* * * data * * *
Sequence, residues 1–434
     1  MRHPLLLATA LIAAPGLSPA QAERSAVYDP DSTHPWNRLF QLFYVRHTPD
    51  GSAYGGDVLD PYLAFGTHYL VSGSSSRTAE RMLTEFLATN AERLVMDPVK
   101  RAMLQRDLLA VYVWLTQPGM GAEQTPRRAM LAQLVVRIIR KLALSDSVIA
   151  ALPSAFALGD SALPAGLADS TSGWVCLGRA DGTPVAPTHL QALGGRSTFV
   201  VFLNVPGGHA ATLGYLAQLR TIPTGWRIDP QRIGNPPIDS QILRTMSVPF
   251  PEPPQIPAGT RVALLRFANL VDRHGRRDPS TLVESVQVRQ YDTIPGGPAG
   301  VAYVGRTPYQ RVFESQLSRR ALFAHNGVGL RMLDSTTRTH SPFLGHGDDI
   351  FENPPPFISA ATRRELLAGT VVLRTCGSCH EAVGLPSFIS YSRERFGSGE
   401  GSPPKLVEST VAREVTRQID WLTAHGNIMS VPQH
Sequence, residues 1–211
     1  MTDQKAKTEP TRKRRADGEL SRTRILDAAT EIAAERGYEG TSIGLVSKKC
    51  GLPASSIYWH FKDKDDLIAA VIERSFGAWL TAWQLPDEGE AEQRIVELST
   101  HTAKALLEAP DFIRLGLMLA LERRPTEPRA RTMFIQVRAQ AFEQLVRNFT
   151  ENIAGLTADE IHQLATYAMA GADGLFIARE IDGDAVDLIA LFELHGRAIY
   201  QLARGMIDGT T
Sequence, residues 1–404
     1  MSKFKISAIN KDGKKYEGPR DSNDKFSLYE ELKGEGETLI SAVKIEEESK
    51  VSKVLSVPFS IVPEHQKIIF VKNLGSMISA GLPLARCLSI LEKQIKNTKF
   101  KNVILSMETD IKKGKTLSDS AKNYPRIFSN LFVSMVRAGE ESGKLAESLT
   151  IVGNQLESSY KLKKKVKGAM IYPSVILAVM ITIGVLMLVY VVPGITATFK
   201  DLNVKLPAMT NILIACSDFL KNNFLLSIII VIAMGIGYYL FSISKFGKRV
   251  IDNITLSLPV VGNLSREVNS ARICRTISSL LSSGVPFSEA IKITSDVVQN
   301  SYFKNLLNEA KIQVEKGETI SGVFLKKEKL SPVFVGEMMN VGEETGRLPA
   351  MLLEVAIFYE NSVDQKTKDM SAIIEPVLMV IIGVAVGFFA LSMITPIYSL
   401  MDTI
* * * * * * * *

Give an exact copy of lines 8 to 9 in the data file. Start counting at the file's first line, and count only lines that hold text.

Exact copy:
   301  VAYVGRTPYQ RVFESQLSRR ALFAHNGVGL RMLDSTTRTH SPFLGHGDDI
   351  FENPPPFISA ATRRELLAGT VVLRTCGSCH EAVGLPSFIS YSRERFGSGE